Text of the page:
Hoboken: Reflections on a Community’s Experience
The community program, which was narrated by Stevens Science and Technology Studies Professor Lee Vinsel, focused on the human side of Sandy in Hoboken, with video and live performances from community members that unveiled many innovative solutions and selfless responses that emerged to cope with the countless challenges residents faced in the past year.
“Sandy was a memorable event not only in its destruction, but in the opportunity it provided to bring the best out of our people,” said Farvardin, who helped the university’s emergency management team lead Stevens safely through the storm, despite losing power to many parts of campus.
Bruno and Blumberg presented on the challenges they faced in warning officials and residents of the storm’s magnitude, as their forecasts and models showed stronger and stronger signs as it approached.
“We had to show them that you can’t pump against the entire Atlantic Ocean,” said Bruno.
Hoboken Mayor Dawn Zimmer expressed gratitude to the National Guard and FEMA, who brought relief to the city, as well as the thousands of volunteers who helped in smaller ways, such as unloading food trucks and carrying water and medications to residents stuck in high-rises. Today, plans are underway to develop a comprehensive community emergency response strategy and improve energy resiliency and the micro-grid throughout the city.
“We have to protect our city; we are talking about the future of Hoboken,” Zimmer said.
Two residents who were on the front lines – Maria Rivera and Madeline Lopez – said Sandy made Hoboken stronger, as neighbors shared food, shelter and supplies with people they previously only knew as strangers.
Eugene Flinn, who owns three restaurants in Hoboken, said the day after Sandy was “the best day I ever had in the business.” With the help of his long-time chef, Flinn opened Amanda’s Restaurant on Washington Street – which lost power but did not flood – to the public. Dozens of volunteers quickly showed up to help them serving free food in the street.
“We lost cars, furniture, computers … but we got something much more. Our sense of community was greatly enhanced,” Flinn said.
Stevens student Allison Outwater and Hoboken resident Maggie Mallan showcased the power of volunteerism which emerged after the storm and how the community stepped up to meet common needs.
Outwater volunteered at City Hall the day after the storm and soon found herself in charge of leading the community volunteer effort.
Mallan, who never lost power, opened her home to her friends and neighbors, allowing people to check their email, contact loved ones and store food in her refrigerator.
Two spiritual leaders, Monsignor Robert Meyer of Sts. Peter and Paul Church and April Harris of In Jesus’ Name Charities, explored the place of faith in the storm recovery.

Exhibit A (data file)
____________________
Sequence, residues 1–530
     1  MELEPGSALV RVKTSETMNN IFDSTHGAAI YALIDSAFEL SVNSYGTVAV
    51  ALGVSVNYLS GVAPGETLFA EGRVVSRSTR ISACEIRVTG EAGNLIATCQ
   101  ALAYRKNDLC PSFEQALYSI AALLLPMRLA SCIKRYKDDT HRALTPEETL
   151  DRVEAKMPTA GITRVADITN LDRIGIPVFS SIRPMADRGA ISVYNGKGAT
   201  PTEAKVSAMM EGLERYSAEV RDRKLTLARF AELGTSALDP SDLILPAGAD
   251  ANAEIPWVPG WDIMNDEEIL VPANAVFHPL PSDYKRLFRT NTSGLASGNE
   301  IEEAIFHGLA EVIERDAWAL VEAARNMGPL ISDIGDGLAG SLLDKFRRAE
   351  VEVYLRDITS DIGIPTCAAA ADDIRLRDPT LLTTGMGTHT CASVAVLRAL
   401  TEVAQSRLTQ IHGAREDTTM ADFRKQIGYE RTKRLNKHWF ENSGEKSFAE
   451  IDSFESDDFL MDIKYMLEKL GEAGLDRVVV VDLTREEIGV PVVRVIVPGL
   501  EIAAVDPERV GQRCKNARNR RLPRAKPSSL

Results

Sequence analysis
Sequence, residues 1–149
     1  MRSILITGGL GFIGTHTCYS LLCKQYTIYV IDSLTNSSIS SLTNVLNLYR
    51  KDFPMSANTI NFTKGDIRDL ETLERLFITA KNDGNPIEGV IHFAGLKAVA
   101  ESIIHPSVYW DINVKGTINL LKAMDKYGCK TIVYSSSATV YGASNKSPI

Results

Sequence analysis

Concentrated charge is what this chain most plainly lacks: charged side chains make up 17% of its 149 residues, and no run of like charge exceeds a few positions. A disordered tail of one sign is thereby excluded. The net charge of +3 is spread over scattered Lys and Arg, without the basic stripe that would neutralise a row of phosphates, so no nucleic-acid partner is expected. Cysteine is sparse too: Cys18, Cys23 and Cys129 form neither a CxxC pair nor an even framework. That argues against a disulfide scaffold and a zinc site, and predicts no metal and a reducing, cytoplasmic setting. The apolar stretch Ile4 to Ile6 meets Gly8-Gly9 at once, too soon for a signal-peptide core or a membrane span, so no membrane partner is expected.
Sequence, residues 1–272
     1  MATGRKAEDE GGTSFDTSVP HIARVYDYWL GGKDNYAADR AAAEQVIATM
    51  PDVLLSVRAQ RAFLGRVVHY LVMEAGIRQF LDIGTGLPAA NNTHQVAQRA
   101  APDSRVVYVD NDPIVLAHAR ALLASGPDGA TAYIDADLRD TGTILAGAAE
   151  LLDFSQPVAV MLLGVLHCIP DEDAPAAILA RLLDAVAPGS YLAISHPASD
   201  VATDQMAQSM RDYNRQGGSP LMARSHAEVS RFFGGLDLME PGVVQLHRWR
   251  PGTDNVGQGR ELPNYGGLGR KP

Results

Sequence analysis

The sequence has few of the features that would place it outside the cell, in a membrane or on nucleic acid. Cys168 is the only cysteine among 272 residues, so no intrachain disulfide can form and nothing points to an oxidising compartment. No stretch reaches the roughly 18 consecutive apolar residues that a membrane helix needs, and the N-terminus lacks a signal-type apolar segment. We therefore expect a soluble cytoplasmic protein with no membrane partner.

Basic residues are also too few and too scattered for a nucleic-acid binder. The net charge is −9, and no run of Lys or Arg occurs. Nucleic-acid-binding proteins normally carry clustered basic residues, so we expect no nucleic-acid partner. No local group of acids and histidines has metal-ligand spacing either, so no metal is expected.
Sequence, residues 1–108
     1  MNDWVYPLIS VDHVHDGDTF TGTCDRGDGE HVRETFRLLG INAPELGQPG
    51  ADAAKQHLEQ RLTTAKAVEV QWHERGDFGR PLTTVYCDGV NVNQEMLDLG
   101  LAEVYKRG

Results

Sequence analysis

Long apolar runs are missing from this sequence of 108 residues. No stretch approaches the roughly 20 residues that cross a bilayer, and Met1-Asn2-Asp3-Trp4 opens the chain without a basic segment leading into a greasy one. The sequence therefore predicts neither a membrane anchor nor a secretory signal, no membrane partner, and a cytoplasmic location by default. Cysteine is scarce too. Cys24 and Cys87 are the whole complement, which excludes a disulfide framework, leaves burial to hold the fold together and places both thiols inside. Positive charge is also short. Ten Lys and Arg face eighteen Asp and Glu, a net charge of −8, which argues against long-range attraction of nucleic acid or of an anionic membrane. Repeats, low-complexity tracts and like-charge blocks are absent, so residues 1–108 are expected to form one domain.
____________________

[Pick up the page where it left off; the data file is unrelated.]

Meyer opened his church to those in need, providing shelter to those who had lost everything.
“People trusted us and we tried to live up to that sacred trust,” he said.
Harris, who runs a food pantry for the poor, saw the entire ministry devastated by the storm, but just as quickly saw it come back – through donations from individuals and religious institutions across the country.
Technology activist David Haier and technology entrepreneur Aaron Price looked at the response of the tech community in Hoboken to Sandy.
Haier, who was out of state during Sandy, built Hoboken Sandy Maps, which used information gathered from social media and other online sources to show residents what locations and blocks in Hoboken had power during the storm. The maps garnered 600,000 views. Today, with the help of two Stevens students, Haier is developing Hoboken Crisis Map, an extension of the concept – although he hopes we never need to use it.
“There is a huge opportunity to gather information from individuals in future crises,” Haier said.
Aaron Price is a technology entrepreneur who founded NJ Tech Meetup, the largest tech group in the region. Immediately after the storm, he launched HealHoboken.org, a fundraising campaign for the Hoboken Relief Fund which received $32,000 in donations in the two weeks after Sandy.
“Technology empowered the community during Sandy,” Price said. Price and Haier are both looking for ways to ensure that technology and crowdsourced intelligence contribute to preparedness, planning and recovery efforts in future crises.
Robert Foster, executive director of the Hoboken Historical Museum, encouraged the public to visit a new exhibit which explores Hoboken’s past history with flooding, the community’s experience during the storm and during the recovery, and proposals for improving the city’s resiliency. Using personal stories, audio and images to explore the impact of Sandy and lessons learned about disaster response, the exhibit runs through July 6, 2014 at the museum at 1301 Hudson Street in Hoboken.
Finally, more speakers offered resources to aid in the ongoing recovering efforts for citizens who are still in need of support. Daniel Altilio of the United Way of Hudson County, and Dawn Donnelly, a disaster relief counselor, have partnered with the Hoboken Historical Museum to offer the Sandy Community Outreach Program, specifically aimed at providing mental health relief and other counseling services to residents effected by the storm.
Vinsel concluded the evening with a positive reflection on Hoboken’s collective experience.
“When Sandy came, people used their imaginations to envision a better future for each other,” Vinsel said. “Over and over again, we saw fundamentally hopeful acts. If we can take a bit from what we learned and hold onto it, it would be a great thing.”